There are a couple of ways to design the connections between the chord and web members of the truss depending on the loading conditions and the materials that are available. Not something that I would encourage a DIY to tackle though as there would be very specific fastener schedules and fastener placement requirements. The cost of some of the specialty hardware also drives the cost up making pre-fab trusses that much more attractive.

Another thing that I didn't mention in my first post is that if you are able to build your own trusses, you need take the time to build a jig that allows all of the trusses to be identical. If the trusses end up being different lengths or the peak is off center, the metal roofing, ridge cap, and fascia / gutters are going to be anything but straight.
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Old 02-19-2009, 03:39 PM   #6
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Default Re: 24' trusses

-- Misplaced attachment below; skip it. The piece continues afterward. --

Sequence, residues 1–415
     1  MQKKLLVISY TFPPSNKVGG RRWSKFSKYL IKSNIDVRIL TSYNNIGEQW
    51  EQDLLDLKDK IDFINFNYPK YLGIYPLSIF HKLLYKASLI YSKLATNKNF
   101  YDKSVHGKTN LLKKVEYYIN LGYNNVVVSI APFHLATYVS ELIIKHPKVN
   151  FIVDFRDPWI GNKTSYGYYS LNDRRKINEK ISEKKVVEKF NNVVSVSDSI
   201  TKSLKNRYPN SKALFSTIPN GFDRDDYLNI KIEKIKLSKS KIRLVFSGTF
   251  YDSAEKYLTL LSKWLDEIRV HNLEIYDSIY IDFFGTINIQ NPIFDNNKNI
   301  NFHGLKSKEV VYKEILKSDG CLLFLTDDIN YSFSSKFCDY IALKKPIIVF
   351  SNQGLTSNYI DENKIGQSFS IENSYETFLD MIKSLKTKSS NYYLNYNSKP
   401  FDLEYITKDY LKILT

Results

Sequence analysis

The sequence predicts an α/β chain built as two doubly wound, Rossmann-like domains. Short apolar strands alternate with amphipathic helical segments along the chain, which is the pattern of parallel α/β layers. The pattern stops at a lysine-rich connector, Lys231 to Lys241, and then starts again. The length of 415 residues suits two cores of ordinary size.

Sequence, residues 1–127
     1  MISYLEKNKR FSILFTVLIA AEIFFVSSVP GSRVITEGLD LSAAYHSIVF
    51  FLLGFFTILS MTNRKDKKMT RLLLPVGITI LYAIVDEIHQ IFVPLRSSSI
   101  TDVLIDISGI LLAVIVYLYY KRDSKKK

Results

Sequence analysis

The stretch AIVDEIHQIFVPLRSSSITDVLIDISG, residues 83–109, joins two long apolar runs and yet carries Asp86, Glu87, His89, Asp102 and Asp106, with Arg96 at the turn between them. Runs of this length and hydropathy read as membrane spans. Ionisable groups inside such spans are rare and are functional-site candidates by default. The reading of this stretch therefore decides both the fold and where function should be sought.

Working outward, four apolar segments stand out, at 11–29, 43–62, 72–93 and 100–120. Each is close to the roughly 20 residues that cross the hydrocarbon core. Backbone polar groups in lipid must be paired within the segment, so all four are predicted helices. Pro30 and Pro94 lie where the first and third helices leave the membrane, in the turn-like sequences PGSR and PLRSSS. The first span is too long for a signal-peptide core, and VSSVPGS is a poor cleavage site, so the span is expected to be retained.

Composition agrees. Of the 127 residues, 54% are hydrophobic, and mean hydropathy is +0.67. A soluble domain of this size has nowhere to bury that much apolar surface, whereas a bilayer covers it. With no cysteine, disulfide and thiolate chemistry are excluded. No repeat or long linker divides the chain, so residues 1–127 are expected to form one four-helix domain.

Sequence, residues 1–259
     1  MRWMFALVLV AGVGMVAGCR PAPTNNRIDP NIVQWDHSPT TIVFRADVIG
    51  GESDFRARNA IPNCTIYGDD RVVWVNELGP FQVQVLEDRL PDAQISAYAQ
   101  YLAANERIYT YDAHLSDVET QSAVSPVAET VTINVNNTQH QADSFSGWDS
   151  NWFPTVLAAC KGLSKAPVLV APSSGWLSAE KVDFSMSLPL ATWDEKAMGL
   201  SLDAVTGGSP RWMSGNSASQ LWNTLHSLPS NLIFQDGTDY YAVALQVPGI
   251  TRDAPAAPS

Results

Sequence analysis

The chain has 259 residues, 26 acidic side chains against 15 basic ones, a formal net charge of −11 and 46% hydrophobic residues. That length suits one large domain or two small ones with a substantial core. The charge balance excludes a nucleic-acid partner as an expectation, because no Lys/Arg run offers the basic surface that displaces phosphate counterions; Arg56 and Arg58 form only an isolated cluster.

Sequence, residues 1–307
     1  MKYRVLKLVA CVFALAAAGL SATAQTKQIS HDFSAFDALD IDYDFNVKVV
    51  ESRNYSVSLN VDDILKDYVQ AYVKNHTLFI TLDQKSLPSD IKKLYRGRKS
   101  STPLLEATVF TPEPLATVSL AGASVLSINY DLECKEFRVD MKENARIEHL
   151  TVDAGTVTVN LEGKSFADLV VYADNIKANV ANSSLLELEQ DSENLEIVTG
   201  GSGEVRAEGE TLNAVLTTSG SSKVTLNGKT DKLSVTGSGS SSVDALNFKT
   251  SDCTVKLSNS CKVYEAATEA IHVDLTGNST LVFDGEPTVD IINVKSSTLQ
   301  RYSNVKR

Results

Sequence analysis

Ive built many of my own trusses, some up to 32 feet wide, plywood gusset plates glued and screwed or nailed together, after twenty years I haven't had one fail, thats with alot of snow, ice and wind. Do build a jig make sure your cuts are clean and all connection points are tight. Good Luck. I have also bought many prefabbed trusses and I believe mine will hold up better. Just my .02cents.
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Old 02-20-2009, 02:23 AM   #7
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Default Re: 24' trusses

i was planning on building a jig after i pour my slab. using the slab to build my jig on should be about as flat a surface as one could get. im out in the country. building codes don't apply here for outbuildings as we call them down south. i am going to use plywood gusset plates along with glue and nails. i priced pre built trusses from $95 to $110 apeice locally. that's just to high for a shop building. 16' untreated #2 2x4's are around $5 here which puts each truss at about $40 max; if i do it myself.